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"I was drawn to [Street Urchin] first as a sculpture because I found it visually compelling but its added musical feature making this piece amusing to pluck is particularly appealing."
--Lynn Dunham, Executive Director, GoodConscience Gallery 848, Southampton, New York

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How to Clean Up Welds in Tight Places

A viewer, Mike, is MIG welding a gate and wants to know how to clean up his welds in areas that are hard to get to. He doesn't have a lot of fancy tools, so he is using a Dremel to do the job.

Dremels usually only have an 1/8" shank on whatever tool you want to spin in them. You usually get some stone heads, and those don't last very long.

Fortunately, you can buy solid carbide burrs - Kevin bought his at . You can find different shapes and lengths with 1/8" shanks, including single cut and double cut burrs. Double cut burrs cut more quickly. Single cut burrs only have flutes going in one direction.

If you have a decent air compressor - one with a 30 gallon tank should be fine - there's also a great little tool called a pencil grinder. It's basically an air-powered Dremel - very similar to what your dentist uses. It'll handle the 1/8" shank burrs.

You can also find grinding tools in a more "industrial" size. Kevin shows a die grinder. It's similar to a Dremel, but it runs 1/4" shank burrs. The heads are bigger, too, providing more cutting surface so you can get work done more quickly. They're air-powered (pneumatic) so they don't get hot - you can use them all day as long as you have a compressor that can keep up with them.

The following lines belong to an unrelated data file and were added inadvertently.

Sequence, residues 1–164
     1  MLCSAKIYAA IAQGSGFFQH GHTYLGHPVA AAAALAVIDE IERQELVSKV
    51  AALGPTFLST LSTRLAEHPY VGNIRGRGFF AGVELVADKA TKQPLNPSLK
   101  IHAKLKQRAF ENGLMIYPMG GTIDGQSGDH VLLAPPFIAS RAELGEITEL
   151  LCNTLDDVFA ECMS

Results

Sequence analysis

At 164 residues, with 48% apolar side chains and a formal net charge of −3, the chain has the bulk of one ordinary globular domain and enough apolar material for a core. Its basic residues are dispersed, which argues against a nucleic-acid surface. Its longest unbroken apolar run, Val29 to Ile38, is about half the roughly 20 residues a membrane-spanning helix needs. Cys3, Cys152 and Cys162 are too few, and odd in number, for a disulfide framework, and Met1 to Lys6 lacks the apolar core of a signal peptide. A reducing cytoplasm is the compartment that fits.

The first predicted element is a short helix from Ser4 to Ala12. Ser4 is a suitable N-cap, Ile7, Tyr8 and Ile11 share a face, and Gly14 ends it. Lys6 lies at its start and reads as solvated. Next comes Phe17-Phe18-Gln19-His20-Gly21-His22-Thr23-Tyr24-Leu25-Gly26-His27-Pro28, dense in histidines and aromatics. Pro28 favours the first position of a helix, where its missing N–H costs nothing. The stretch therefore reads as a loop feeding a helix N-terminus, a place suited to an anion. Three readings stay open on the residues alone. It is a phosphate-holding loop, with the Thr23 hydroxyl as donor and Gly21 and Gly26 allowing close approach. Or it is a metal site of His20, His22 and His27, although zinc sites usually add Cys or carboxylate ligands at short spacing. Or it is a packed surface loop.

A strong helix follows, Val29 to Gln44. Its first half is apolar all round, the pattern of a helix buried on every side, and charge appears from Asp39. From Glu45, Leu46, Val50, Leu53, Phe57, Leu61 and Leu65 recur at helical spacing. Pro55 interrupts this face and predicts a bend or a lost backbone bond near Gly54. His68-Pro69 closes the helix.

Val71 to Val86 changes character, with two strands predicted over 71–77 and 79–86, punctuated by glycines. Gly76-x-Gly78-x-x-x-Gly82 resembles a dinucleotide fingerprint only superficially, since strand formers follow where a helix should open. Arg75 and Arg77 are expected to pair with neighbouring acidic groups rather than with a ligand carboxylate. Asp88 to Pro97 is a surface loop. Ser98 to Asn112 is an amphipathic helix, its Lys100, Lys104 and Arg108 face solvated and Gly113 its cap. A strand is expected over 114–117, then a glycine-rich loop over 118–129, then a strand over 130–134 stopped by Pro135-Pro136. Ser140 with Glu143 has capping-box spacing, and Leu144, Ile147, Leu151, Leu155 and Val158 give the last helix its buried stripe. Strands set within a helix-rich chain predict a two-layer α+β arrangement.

Kevin then shows some of the bigger burrs with 1/4" shanks. Two are for steel and two are for aluminum. The aluminum burrs have bigger flutes and are more aggressive. They work well with softer metal - if you try to cut aluminum with the steel burrs, they just get gummed up.

If you don't have an air compressor, Kevin recommends a real handy tool he uses the heck out of: a Makita 9082 detail belt sander. It's only 3/8" wide and is great for reaching down into tight joints. You can come in from the side to grind flat surfaces to remove MIG welding or stick welding spatter, for example.

You can also reach all the way down into the joint with the rounded end. If you can't reach the fillet in the bottom of the joint, just add one more pass to raise that surface. Then you can work the detail sander's end roller back and forth to give you a nice, smooth look.

Kevin hopes that helps Mike and anyone who wants to get a good look on joints after welding in tight places.

Now you can stick around for a moment just to see Kevin Caron Studios' Video Division's incredible professionalism ....

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